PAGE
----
<binding>             The communication protocols used by the web service


The main structure of a WSDL document looks like this:

<definitions>
<types>
   definition of types........
</types>

<message>
   definition of a message....
</message>
<portType>
   definition of a port.......
</portType>

<binding>
   definition of a binding....
</binding>

</definitions>

A WSDL document can also contain other elements, like extension elements and a service element that makes
it possible to group together the definitions of several web services in one single WSDL document.

For a complete syntax overview go to the chapter WSDL Syntax.




WSDL Ports

The <portType> element is the most important WSDL element.

It describes a web service, the operations that can be performed, and the messages that are involved.

The <portType> element can be compared to a function library (or a module, or a class) in a traditional
programming language.




WSDL Messages

The <message> element defines the data elements of an operation.

Each message can consist of one or more parts. The parts can be compared to the parameters of a function call
in a traditional programming language.




WSDL Types

The <types> element defines the data type that are used by the web service.

For maximum platform neutrality, WSDL uses XML Schema syntax to define data types.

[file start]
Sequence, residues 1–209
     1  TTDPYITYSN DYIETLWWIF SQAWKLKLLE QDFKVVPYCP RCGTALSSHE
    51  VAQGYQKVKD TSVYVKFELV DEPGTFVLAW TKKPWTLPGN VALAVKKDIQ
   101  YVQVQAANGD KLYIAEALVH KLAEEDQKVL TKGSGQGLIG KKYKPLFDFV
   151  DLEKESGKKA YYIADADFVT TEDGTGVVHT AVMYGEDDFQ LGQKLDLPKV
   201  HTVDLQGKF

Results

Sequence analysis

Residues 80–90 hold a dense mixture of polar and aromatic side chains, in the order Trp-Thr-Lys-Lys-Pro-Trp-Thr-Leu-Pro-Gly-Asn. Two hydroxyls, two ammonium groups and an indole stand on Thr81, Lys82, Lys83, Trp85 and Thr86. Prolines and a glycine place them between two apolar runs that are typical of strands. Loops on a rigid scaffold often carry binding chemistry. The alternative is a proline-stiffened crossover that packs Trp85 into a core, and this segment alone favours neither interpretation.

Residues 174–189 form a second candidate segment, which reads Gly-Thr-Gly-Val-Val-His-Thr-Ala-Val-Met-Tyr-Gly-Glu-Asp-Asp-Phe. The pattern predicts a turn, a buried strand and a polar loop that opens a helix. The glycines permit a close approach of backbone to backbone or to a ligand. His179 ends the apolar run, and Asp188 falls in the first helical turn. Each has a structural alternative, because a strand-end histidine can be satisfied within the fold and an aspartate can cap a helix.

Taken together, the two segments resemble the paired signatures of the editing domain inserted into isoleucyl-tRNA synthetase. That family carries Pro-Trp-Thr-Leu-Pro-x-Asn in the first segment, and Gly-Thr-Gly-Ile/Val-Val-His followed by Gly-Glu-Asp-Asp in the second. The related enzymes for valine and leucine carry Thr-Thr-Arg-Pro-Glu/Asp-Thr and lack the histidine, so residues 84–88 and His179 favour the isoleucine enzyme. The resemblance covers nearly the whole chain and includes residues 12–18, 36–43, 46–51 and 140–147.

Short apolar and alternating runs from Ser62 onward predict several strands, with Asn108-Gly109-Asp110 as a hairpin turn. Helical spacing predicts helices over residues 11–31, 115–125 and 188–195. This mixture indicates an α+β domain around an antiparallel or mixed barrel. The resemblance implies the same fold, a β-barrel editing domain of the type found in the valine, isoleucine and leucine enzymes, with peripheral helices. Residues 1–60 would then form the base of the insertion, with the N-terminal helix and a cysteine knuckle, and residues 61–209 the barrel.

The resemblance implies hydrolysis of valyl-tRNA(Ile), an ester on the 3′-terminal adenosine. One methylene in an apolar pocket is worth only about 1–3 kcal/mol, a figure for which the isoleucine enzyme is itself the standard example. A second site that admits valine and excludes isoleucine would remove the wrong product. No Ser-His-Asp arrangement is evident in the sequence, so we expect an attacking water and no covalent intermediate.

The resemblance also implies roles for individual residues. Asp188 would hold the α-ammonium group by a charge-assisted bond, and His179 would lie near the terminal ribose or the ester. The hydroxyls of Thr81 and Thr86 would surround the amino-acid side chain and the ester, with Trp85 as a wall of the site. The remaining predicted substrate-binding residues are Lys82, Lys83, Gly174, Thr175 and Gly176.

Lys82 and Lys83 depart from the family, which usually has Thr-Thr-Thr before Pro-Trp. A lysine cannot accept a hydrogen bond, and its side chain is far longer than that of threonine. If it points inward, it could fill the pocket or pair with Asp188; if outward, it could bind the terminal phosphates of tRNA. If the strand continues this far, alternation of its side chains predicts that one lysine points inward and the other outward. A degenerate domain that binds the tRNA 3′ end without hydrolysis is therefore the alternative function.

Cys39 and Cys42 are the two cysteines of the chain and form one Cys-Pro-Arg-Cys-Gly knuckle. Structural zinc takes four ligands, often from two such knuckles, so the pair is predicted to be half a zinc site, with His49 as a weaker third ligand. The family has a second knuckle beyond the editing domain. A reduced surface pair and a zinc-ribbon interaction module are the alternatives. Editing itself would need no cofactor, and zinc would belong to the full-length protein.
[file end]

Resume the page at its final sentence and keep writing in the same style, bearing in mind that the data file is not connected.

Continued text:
WSDL Bindings

The <binding> element defines the message format and protocol details for each port.




WSDL Example

This is a simplified fraction of a WSDL document:

<message name="getTermRequest">
   <part name="term" type="xs:string"/>
</message>

<message name="getTermResponse">
   <part name="value" type="xs:string"/>
</message>
<portType name="glossaryTerms">
  <operation name="getTerm">
      <input message="getTermRequest"/>
      <output message="getTermResponse"/>
  </operation>
</portType>

In this example the <portType> element defines "glossaryTerms" as the name of a port, and "getTerm" as
the name of an operation.

The "getTerm" operation has an input message called "getTermRequest" and an output message called
"getTermResponse".

The <message> elements define the parts of each message and the associated data types.

Compared to traditional programming, glossaryTerms is a function library, "getTerm" is a function with
"getTermRequest" as the input parameter and getTermResponse as the return parameter.




WSDL Ports

A WSDL port describes the interfaces (legal operations) exposed by a web service.